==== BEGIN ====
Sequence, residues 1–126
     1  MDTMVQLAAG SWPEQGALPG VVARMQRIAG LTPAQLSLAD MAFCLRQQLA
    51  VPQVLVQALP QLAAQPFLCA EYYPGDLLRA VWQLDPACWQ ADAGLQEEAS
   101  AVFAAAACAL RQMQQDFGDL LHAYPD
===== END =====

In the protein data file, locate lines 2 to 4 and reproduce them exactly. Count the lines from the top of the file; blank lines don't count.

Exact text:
     1  MDTMVQLAAG SWPEQGALPG VVARMQRIAG LTPAQLSLAD MAFCLRQQLA
    51  VPQVLVQALP QLAAQPFLCA EYYPGDLLRA VWQLDPACWQ ADAGLQEEAS
   101  AVFAAAACAL RQMQQDFGDL LHAYPD